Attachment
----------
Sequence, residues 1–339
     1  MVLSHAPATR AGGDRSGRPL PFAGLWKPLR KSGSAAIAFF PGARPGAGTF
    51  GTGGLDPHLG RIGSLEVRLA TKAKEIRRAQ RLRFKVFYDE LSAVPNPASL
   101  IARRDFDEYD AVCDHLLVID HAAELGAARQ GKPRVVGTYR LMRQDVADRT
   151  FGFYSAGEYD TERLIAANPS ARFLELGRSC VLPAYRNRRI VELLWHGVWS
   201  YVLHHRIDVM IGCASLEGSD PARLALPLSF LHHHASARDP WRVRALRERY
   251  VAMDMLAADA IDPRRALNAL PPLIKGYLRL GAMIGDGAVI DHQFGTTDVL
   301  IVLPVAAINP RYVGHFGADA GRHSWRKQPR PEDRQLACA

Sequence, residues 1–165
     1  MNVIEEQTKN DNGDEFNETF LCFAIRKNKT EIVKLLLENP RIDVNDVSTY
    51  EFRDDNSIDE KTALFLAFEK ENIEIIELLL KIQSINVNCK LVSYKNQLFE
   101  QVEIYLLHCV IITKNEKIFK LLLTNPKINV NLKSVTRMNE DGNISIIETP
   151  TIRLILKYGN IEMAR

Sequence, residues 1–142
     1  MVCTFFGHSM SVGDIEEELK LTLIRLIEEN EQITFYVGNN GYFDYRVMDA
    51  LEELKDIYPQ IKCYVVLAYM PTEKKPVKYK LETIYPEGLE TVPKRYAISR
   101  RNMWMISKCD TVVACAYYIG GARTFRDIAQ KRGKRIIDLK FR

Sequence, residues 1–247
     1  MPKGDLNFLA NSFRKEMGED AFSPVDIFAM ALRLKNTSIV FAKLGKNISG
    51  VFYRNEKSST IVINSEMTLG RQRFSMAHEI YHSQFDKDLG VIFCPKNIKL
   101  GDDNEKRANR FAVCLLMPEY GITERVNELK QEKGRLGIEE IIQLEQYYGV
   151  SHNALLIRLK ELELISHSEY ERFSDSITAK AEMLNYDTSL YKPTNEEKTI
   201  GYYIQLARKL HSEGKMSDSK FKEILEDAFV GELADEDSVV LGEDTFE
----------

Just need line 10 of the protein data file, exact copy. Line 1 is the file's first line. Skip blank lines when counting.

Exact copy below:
     1  MNVIEEQTKN DNGDEFNETF LCFAIRKNKT EIVKLLLENP RIDVNDVSTY